As tension over the participation in government grew, CNT publications and politicians (transformed – as anarchist theory predicted – by their position in the State) denounced efforts to renew the anarchist character of the revolution. Such militancy was condemned as overly dogmatic, vanguardist, and an attack on the libertarian movement itself: the CNT was anarchism, whether it held ministerial portfolios or not! 2
What alternatives are there to this specific kind of anarchist unionism? Can we avoid both the isolation faced by many purist anarcho-syndicalist groups and the risks of incoherence, best demonstrated by the CNTs disastrous break with anarchist principles?
Historically, the main alternative to forming explicitly anarchist unions (or trying to transform non-ideological unions into anarchist organisations) has been dual organisationalism. This strategy argues that we should organise amongst ourselves as anarchists, in autonomous and specifically anarchist organisations, while also intervening in mass-organisations of struggle, which unite workers on the basis of class.3
With the approach of dual organisationalism we don’t ask that our co-workers become anarchists before we can organise together, or otherwise convince them to be part of an anarchist union (having explained that members don’t need to be anarchists anyway). We ask, “do you want to fight the bosses together, as equals? Do you want to stand up to the governments that back them? Can you show solidarity with all of your co-workers, regardless of their race, gender, or sexuality?” In many cases this will even mean arguing that workers should sign up to an existing union, most of which will have quite conservative politics and bureaucratic structures.
But this can be done without hiding or abandoning our anarchism. We should promote anarchist methods of organisation, encourage the use of direct action, and, wherever appropriate, discuss revolutionary anarchist ideas with our co-workers. We should be honest that it is anarchism that motivates us and that we believe our struggles can’t be limited to reforms. We should also fight any attempt to co-opt the struggle through parliamentary politics or bureaucratic organisation. This will mean being ready to fight attempts by union leadership to exercise control over the rank and file, and perhaps even break with the union if necessary to further the struggle. Importantly, by grouping together all workers on the basis of class, we also avoid the problem of separating the more radical workers from the less radical ones, and the possibility of their influence being felt in union meetings.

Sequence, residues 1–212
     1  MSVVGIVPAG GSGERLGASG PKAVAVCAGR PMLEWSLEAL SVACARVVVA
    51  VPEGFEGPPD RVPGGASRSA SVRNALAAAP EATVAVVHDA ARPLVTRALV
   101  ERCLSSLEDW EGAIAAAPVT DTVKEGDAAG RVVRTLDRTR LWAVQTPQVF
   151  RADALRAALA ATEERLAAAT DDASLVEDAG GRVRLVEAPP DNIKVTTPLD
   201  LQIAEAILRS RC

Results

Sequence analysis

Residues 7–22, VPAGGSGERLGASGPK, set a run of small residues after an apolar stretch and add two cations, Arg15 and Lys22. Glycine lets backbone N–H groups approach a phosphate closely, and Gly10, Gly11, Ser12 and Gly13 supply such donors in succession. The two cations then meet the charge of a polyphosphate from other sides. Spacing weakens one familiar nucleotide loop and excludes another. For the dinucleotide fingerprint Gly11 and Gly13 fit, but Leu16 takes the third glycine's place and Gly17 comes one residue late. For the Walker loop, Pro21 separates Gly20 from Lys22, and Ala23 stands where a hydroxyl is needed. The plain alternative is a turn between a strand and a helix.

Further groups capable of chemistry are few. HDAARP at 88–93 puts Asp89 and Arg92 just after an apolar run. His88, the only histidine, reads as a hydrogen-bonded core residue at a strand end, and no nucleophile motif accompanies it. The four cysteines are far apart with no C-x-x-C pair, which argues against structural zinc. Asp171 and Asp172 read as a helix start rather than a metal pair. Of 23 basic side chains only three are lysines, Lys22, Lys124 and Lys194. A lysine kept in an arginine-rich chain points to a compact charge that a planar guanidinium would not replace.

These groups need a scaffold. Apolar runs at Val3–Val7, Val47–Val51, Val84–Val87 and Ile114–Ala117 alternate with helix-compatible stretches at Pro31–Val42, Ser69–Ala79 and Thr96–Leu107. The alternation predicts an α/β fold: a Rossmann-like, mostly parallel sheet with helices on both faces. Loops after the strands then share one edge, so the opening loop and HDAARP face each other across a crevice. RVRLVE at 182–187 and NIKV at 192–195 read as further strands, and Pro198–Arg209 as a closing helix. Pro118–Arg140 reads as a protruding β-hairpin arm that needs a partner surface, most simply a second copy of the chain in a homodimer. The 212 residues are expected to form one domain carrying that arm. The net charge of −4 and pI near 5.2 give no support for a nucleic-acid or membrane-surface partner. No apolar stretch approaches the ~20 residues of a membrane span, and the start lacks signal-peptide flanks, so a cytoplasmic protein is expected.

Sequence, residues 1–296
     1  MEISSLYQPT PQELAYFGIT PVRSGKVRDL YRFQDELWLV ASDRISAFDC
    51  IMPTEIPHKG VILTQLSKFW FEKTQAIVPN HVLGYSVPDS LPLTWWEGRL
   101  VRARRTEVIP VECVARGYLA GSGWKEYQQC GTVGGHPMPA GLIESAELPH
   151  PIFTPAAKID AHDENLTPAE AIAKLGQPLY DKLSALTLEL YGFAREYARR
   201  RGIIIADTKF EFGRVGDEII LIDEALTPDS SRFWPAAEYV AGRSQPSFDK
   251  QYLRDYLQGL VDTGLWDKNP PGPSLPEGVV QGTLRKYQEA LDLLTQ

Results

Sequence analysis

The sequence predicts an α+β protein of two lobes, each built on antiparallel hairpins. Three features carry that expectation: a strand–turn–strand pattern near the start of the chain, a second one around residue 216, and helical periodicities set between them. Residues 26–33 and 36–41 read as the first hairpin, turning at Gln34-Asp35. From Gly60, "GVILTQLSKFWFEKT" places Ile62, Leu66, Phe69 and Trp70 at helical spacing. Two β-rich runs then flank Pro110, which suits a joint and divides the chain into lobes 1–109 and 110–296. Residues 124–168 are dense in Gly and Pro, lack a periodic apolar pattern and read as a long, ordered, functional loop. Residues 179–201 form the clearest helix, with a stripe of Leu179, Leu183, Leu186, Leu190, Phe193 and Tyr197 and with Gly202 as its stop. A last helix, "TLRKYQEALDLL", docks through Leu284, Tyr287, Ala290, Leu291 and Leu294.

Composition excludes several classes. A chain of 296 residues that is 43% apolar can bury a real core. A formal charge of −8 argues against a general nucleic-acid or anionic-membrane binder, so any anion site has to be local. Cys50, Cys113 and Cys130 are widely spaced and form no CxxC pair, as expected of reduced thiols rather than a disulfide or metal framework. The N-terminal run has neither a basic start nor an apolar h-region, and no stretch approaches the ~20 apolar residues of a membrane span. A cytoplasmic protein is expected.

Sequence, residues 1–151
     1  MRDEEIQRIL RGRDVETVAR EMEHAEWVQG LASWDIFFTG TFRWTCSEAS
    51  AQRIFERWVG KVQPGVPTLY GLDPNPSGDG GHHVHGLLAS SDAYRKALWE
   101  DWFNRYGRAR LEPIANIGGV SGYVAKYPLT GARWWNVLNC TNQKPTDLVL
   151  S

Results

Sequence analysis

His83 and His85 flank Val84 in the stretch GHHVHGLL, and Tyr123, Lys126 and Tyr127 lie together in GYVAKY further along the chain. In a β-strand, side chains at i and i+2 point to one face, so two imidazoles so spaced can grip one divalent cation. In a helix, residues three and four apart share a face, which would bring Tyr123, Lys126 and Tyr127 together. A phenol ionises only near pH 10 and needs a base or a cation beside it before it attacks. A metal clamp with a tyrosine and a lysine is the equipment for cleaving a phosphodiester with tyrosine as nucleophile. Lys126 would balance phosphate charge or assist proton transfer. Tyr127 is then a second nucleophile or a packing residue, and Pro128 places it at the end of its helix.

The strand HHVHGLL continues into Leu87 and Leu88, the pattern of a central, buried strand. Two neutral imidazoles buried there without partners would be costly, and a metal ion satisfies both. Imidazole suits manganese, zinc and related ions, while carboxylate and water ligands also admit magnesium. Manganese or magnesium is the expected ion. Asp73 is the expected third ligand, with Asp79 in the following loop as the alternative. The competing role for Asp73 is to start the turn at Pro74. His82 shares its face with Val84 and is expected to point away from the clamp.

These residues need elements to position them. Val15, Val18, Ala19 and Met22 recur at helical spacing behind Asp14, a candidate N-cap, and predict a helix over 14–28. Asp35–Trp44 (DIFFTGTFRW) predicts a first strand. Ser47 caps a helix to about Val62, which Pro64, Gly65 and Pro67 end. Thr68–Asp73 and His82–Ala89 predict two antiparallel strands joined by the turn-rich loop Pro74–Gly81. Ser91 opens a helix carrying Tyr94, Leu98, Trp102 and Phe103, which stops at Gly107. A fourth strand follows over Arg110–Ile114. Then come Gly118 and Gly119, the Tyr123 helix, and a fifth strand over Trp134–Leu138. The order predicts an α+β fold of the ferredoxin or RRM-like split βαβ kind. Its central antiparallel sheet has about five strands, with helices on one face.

These efforts to promote anarchist ideas at work should be well organised, coordinated, and linked with other struggles (inside and outside of our workplaces). This is the task of specifically anarchist organisations.
The existence of an independent anarchist political organisation allows us to put forward a coherent, shared analysis and develop a common strategy which consistently favours the self-organised struggle of workers. It allows anarchists to adapt to whatever new conditions the class struggle creates, rather than commit us to the self-preservation of any particular mass-organisation – including those which are labelled ‘anarchist’. This distinguishes dual organisation from the variant of anarcho-syndicalism, which doesn’t insist on an explicitly ‘anarchist’ union, but which still views workplace organisation as sufficient (dismissing the usefulness of independent anarchist organisations).
Today, anarchist unions struggle to attract members within their organisers’ workplaces, where there is little popular awareness of socialist theory and practice, and where workers often lack the confidence to rock the boat. This is also the case with unions that are less ideologically specific but still nominally revolutionary, such as the Industrial Workers of the World (IWW).4 If we are being honest, we have to say that these organisations generally don’t function as unions at all. Anarcho-syndicalist groups like the Anarcho-syndicalist Federation (and revolutionary unions like the IWW) lack the capacity to carry out the central function of an effective union: the ability to organise a critical mass of workers on the job.
These are, in reality, political organisations of like-minded comrades.5The shared basis for membership is not the class-basis of being united in the same workplace, industry, or even necessarily location (there are often many ‘at large’ members in such organisations). These ideological groupings instead serve as a sort of ‘hub’ for those with a shared analysis and strategy. Individual members then intervene in their respective workplaces (sometimes even as ‘dual carding’ members of the established union) in order to push struggles in a direction which aligns with their politics.